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$100,000 Fantasy Garage Challenge: That Car Guy

Let's see... a hundred grand for garage toys. Where to start?

Jeep Garage ChallengeHow about our brand new vehicle first. For that, I'd get a 2-door Jeep Wrangler Sport, which is their base model. And from their somewhat limited palette, I'd get this color called Commando Green, which looks somewhat military to me.

I built and priced one; they come standard with tilt, cruise, traction control, steering wheel-mounted audio controls, fog lamps, a 285-hp V-6, a 6-speed manual, and more. Oh yeah, it also has 4WD standard... a Jeep without 4WD? Heresy!

The only options I'd want are air conditioning and a hard top; soft tops are just way too noisy on the highway. Its Grand Retail Total, minus shipping, is $24,085. Not bad.

Why get a Jeep? Well, I've always liked them, they make great service vehicles, if you get stuck it's your fault, and despite new model year updates, I think we know pretty much what the next one will look like.

Lincoln LimoNext would be a 1969 Lincoln Continental/Lehmann-Peterson Limousine. I've been fascinated with these as long as I can remember, so the gracious gift of 100 grand would bring me one. I've seen a few advertised around $20,000, so here's the check.

Of course, the 2003 F-150 Super Crew will stay. Its value is hard to define; the Fantasy Garage Challange rules say to figure 12,000 miles a year, which would place it at about 125,000. But this truck has 17,000. That's right... seventeen thousand miles on a truck that's over ten years old. It's also never had a scratch, and it still smells new. But rules is rules, and they say it's worth an even Steven $14,000.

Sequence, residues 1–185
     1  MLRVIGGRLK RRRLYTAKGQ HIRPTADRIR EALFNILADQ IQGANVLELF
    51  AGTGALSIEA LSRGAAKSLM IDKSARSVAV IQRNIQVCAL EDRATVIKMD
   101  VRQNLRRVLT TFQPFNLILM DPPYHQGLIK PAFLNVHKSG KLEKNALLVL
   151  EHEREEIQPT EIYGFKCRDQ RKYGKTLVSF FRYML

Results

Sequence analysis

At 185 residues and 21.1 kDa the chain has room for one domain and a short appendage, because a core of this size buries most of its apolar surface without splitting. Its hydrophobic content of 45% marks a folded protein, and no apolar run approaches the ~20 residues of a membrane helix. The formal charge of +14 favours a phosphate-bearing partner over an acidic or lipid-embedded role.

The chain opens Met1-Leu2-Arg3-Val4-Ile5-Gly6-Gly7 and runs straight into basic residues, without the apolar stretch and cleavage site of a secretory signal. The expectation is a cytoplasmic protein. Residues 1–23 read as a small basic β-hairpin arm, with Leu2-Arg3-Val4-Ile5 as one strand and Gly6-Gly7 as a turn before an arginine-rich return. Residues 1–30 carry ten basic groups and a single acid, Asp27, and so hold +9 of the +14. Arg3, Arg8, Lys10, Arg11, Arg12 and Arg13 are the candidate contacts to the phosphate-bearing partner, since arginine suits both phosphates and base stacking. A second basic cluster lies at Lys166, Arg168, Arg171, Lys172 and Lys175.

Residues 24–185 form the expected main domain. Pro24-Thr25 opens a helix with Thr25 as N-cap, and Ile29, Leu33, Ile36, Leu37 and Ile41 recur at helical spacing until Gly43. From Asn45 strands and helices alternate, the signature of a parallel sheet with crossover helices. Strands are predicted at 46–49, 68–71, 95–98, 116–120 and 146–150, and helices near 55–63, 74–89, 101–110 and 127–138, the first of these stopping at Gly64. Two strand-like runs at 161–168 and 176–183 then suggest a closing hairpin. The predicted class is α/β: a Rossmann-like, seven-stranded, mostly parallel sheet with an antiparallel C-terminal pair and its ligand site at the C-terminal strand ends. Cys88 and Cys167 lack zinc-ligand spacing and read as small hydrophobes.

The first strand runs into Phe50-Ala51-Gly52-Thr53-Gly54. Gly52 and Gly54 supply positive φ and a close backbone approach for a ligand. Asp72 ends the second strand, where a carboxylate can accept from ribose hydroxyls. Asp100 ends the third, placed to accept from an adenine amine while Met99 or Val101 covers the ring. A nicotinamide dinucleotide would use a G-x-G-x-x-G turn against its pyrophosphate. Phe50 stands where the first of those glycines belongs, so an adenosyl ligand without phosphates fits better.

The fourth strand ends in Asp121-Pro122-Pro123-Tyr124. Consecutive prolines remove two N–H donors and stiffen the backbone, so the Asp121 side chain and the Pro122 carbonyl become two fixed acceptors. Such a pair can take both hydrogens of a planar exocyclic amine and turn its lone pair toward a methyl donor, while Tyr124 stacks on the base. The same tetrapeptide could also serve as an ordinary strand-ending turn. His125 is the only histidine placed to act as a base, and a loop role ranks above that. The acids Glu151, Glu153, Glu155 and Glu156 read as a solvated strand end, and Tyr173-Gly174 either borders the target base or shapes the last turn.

And the 2001 Miata SE is a car that I've said if I ever got rid of, I'd regret doing so. Its book value is  $8,925.

344A high performance touring car must be had. How about a Porsche 928, one of my most lusted-after cars ever. Pinning down an exact year would be difficult, but I found this pristine 1979 example on craigslist for $9,500 obo.

I had the pleasure of driving a 928 GT for about a week, and got spoiled. Of all the cars we sampled on the show, this was the one I hated to see go the most. I told myself I'd have one some day, even if it was 1:18 scale and sat on a shelf.

But for this Challenge I'd probably want a newer one, built after 1991 (The first year and the first USA-marketed car line with dual front airbags). So let's guesstimate $18,000 for a really nice one.

1992 and later 928s are called the 928 GTS; their displacement was pushed to 5.4 litres with 345 hp, the bodywork was flared a bit, and they had larger brakes. In short, they were the final, refined form of Porsche's own 911-killer.

CBR500R with cowl and red striped wheelsI'm including a 2013 Honda CBR500R, since I've done plunked down the deposit on one. Delivery date should be in April, hopefully sooner. $5,999 is its MSRP, but the dealer wanted $400 for freight, $400 to unfreight it, and $149 to stuff some papers into a drawer. We're not counting those costs in this Challenge, but be prepared for them when you go shopping.